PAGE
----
Science, Art, Litt, Science based Art & Science Communication
I came across an interesting criticism which I feel should be taken seriously by all the people working in the area of science-art. Therefore I am posting it here:
This criticism is made BY Mr. Stephen Nowlin
V.P., Director, Williamson Gallery at Art Center College of Design, Greater Los Angeles Area , USA
With special permission from Mr. Stephen Nowlin, I am using this for my articles and book
( I have posted this criticism on Art Lab as I agree with him to some extent. But I have a reply to this criticism which will be added later as and when I get time)
Stephen Nowlin : Here is what I've been thinking about lately. In many of my projects bringing together art and science I have received, particularly from the media, the "novelty" reaction. The headlines read "Art Meets Science," "Art Collides with Science," etc, as if the effort is noteworthy in the same way that combining ballet dancers and auto repair might be -- interesting by virtue of its unusual pairing. It's as if the story value is only in the novelty of bringing together two domains traditionally thought to exist at distance points on a spectrum. I would in fact say this is the predominant reaction to art/science, and that some artists and curators are content themselves not to delve any deeper. I would propose that to be taken seriously as an intellectual and artistic endeavor that can uncover profound ideas for our time and not be patronized as novelty, art/science needs to somehow talk more about the meanings it forges and spend less time celebrating in its own union.
Working at an educational institution, I have many times listened to discussions slip seamlessly back and forth between formal and conceptual critiques of a student's artwork. It is impossible to speak of meaning in art without bilaterally addressing both, as they are prerequisite and requisite, one to the other.
It seems, though, that the reaction to art/science is often generated by the novelty of their pairing, or unilaterally by their visual formalism, and doesn't go much deeper. To cite an example -- there is much in the practice of science that is visual byproduct, and that can be interesting to look at, and which ends up in some cases being declared as art for the sole reason that it looks like art. Or rather, it looks like what we think art is supposed to look like -- or, it mimics art we've seen in galleries or history books. It's pretty, or colorful, or optically dynamic, or expressionistic, or familiar -- I'm reminded of a lab experiment tracing the paths of fruit flies in an enclosed space, in which different colors were assigned to different flies and the end result looked strikingly like a Jackson Pollock painting. Enough so as to earn the piece a first-place award in an "Art of Science" competition at one of the world's foremost educational science centers. This is science ephemera that relates to art in only the most superficial sense -- and it is my experience that this perception of the art/science relationship most often comes from the science world -- a community that often regards art practice as a kind of therapeutic escape from the much more serious and much less hedonistic business of their science profession (although I have met and worked with a good number of scientists like Dr. Krishna Kumari Challa to whom this stereotype does not apply).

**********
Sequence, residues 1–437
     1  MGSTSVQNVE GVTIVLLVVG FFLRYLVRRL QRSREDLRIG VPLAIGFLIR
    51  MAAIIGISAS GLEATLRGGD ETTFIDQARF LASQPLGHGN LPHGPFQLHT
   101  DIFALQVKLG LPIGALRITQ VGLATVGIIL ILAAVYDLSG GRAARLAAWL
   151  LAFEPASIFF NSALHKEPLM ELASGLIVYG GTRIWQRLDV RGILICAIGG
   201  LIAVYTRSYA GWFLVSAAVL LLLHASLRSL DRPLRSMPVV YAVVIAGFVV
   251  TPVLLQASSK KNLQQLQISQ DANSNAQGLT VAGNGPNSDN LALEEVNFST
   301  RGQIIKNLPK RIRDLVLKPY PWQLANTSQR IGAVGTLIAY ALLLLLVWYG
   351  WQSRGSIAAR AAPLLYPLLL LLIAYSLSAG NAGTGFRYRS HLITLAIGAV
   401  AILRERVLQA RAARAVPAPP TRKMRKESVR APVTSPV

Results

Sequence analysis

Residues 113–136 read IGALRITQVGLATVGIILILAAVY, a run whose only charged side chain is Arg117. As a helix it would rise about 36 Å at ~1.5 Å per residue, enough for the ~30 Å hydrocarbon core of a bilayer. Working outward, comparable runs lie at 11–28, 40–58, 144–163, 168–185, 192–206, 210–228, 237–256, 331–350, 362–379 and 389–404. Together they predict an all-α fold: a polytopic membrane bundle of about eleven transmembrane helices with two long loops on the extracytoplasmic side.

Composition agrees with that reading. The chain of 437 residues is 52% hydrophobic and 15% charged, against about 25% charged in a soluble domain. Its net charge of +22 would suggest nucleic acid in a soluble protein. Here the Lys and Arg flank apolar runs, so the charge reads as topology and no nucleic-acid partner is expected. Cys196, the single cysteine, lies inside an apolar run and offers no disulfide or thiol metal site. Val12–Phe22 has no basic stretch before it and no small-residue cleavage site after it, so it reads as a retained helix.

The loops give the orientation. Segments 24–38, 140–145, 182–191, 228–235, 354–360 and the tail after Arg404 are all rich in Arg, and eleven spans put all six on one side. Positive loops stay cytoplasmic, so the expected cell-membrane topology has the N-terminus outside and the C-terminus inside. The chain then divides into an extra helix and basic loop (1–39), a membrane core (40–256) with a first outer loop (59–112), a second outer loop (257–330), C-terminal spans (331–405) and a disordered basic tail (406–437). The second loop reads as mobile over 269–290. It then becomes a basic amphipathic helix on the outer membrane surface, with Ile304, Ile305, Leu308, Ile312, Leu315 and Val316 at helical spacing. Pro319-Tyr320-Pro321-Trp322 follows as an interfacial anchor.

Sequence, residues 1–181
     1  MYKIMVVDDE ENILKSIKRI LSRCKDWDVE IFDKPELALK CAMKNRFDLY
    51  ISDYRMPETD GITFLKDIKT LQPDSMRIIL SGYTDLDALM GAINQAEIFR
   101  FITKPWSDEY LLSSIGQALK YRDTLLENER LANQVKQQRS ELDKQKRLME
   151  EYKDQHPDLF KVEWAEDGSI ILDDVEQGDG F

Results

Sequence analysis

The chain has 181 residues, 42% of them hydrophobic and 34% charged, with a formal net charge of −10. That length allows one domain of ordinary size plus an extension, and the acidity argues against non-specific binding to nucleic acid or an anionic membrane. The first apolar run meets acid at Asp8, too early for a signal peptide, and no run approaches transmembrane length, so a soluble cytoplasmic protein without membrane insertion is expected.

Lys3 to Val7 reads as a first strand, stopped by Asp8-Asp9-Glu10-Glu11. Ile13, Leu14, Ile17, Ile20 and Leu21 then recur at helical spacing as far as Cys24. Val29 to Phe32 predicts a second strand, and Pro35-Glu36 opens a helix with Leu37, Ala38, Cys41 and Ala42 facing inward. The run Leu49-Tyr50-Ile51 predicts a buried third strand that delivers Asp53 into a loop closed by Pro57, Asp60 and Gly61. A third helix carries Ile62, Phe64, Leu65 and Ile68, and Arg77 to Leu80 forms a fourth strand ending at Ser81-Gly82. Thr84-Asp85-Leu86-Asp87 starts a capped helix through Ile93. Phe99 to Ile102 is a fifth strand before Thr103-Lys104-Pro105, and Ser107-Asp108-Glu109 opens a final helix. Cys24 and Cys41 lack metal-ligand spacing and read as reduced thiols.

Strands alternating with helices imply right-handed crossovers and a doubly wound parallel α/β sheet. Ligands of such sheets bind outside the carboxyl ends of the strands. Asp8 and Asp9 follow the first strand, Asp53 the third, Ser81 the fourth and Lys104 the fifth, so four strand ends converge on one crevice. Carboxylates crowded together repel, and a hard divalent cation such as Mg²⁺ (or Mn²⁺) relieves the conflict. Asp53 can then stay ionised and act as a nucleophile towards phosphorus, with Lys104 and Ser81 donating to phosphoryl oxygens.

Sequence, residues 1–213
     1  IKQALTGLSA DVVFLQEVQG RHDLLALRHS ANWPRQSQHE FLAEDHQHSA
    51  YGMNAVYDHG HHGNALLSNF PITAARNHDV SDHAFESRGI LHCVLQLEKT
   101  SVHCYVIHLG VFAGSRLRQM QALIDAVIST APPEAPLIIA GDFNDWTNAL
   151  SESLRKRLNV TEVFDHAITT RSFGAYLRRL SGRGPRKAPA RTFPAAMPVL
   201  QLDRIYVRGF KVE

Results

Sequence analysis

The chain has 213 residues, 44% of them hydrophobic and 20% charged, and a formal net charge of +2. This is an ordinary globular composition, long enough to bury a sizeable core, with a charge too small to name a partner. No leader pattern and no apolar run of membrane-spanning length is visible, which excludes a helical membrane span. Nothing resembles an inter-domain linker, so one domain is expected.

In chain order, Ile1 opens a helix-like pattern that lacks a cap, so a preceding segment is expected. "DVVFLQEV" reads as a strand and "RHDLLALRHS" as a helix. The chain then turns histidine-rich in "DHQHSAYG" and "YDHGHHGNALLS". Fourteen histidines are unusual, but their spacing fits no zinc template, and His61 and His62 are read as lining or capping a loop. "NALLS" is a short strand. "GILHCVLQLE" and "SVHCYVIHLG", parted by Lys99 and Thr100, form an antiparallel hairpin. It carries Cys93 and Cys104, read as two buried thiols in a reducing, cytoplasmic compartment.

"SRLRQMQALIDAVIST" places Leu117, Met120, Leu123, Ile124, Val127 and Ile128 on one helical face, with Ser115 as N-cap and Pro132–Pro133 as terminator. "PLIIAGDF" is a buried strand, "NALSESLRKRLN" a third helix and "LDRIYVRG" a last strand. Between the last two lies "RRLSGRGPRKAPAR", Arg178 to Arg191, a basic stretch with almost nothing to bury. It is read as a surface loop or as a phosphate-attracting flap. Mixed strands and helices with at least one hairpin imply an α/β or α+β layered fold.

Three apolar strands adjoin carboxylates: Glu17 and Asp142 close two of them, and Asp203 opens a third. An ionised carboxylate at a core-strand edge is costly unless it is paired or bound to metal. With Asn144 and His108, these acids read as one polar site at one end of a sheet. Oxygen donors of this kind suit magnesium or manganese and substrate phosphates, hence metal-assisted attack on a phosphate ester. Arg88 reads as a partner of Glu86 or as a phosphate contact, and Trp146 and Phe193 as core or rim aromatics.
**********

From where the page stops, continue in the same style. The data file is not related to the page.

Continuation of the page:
So I see as a pitfall the tendency of some art/science followers and practitioners to speak of their activities using terms that mostly just describe the pairing of these two domains and not the unique content they can forge. The latter is more difficult and elusive to articulate, certainly, but without it, the "movement" (if there is one, and I'd like to think there is) doesn't really add up to anything deeper than being a novel eccentricity by which some people are transfixed, or to which some people are intutively drawn in the same essentially "dumb" way that certain terrestrials were drawn to the alien's landing site in the film "Close Encounters of the Third Kind."
In the interest of brevity (oops, sorry, too late for that), I will say in closing that one area of forged content I wish personally to explore is how the influence of secular science on art over the course of Modernism's development in the 19th and 20th centuries and beyond, has echoed (at least in Western societies} an erosion of supernatural, or theistic, beliefs. The more direct pairing of art and science in this century seems, to me, to be an inevitable outcome of earlier modernist trajectories, one that implies an objectively reasoned view of the cosmos and our place in it, i.e., a scientific and atheistic view, need not be devoid of spiritual fulfillment if art is present to to reveal the poetry and humanistic soul of such a commitment and love of inquiry. This sort of content is profound and far-reaching for a world in which the tentacles of those supernatural belief systems we inherited from our ancestors still extend into many contemporary human activities and institutions. Certainly and by far not the only content uniquely shaped or engaged by art/science, but for me it is a central and evolving one .
My reply: Will be added later.